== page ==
Some Thoughts on the Review Criteria for the 2nd Quarter of 2013

The assessment criteria used by Web Directory Reviews Org for the second quarter of 2013 will be greatly simplified and, I hope, an improvement from that which was used during the first quarter reviews.

A good web directory serves both the users of the directory and the website owners who hope to gain traffic, directly or indirectly, by having their website listed in the directory.

My original criteria sought to balance the two functions of a web directory, but it could have done so more effectively, I believe, if the focus had been on the value of a web directory to a directory user who might come looking for resources on the Internet.

What might a directory user look for in a web directory?

Aesthetics may not be the most important thing but poor aesthetics might prevent a user from looking any further, while an attractive directory might encourage people to give it a closer look.

If someone is looking for information or resources, a directory lacking sufficient content will be a disappointment, however pretty it may be. Clicking into subcategories only to find them empty, or finding no results on searches; these are things that will not be a satisfactory experience for the directory user.

The quality of the content found in a directory may also be important. While there is a degree of subjectivity in this, I think it is fair to say that useful content is better than useless content.

Assuming that the content exists in the directory, how difficult is it to find? A directory should be reasonably intuitive, which means that its categorization should make sense to the average user.

If a sensible and intuitive category structure exists, are sites listed where they are supposed to be? Website owners, looking for page rank, will often seek to have their websites listed in a higher level category than the site's content would indicate. Too often, directory operators, looking for money, will permit this if the webmaster is willing to pay a higher fee. This comes at the expense of the directory user, who is now unable to find the content that he was looking for in the most appropriate category.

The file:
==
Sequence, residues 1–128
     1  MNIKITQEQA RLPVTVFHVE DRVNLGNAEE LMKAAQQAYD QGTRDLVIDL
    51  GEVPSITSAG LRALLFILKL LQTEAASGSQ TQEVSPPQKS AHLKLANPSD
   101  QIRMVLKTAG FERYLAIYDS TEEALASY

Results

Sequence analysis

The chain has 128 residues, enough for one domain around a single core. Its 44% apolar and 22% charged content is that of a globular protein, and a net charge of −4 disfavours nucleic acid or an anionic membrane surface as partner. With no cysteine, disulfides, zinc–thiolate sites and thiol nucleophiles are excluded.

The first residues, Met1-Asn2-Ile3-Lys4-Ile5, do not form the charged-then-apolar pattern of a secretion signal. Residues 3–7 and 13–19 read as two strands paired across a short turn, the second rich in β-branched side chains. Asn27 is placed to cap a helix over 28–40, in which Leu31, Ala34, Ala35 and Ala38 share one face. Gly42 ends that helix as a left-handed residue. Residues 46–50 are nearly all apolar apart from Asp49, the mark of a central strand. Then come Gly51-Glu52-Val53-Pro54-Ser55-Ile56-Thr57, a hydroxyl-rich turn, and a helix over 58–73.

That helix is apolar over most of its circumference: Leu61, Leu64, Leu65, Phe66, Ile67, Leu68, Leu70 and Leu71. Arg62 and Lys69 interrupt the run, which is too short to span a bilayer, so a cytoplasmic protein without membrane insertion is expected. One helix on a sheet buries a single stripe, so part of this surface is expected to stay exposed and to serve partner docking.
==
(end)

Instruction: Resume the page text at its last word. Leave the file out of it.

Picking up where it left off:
To avoid having to click into sites only to find that they do not contain the information that the user is looking for, site titles should represent the actual title of the site, and descriptions should be descriptive. They should also avoid promotional language, misspellings and typographical errors. Sentences used in site descriptions should be grammatically correct.

Categories should be adequately described, so that the directory user can know what sort of sites might be expected to be found there. A directory that includes such things as related links or other forms of referrals to other categories of a like nature provide a service to the directory user.

Empty categories, bad links, and links that lead to websites other than the ones described are a waste of the user's time, and reflect poorly on a web directory.

Other content besides the categories, subcategories and links may also be important. When a user visits a web directory looking for resources on a particular topic or place, a web directory that actually has that information, whether in the form of an extended category description, or in a separate article, will be of value to the user.

These are the things that are important to a directory user. These are also the things that I am going to concentrate on during the second quarter of reviews.

It is my belief that a directory that meets the needs of the directory user will also meet the needs of the webmaster looking to promote his site. For all their faults, in order for a serach engine algorithm to meet the needs of its users, the search engine results pages should be appropriate for the search conducted. Thus, if a web directory meets the needs of its users, this will eventually be reflected in the SERPs.

A directory user doesn't care about page rank, but a well managed web directory will eventually attain page rank, traffic rank, or backlinks. These matters may be of some significance to webmasters and search engine optimizers but, with Google deprecating its own page rank, the ease in which Alexa traffic rank can be manipulated, and the dubious nature of some of the other ranking mechanisms, it can be difficult to know what to make of it. There is also the fact that a relatively new directory could be excellent in every way, yet be without page rank.

A directory user doesn't care about the cost of submissions.

In the second quarter of reviews, I am going to concentrate on assessing the degree in which a web directory meets the needs of the directory user, however fictitious that user may be.

Understanding that the people most interested in a web directory review will be webmasters and directory operators, my reviews will include information about the cost of submissions, page rank and other ranking mechanisms, and other comments that might seem pertinent relating to the operation of the web directory, but these matters won't enter into the numerical rating of the directory.
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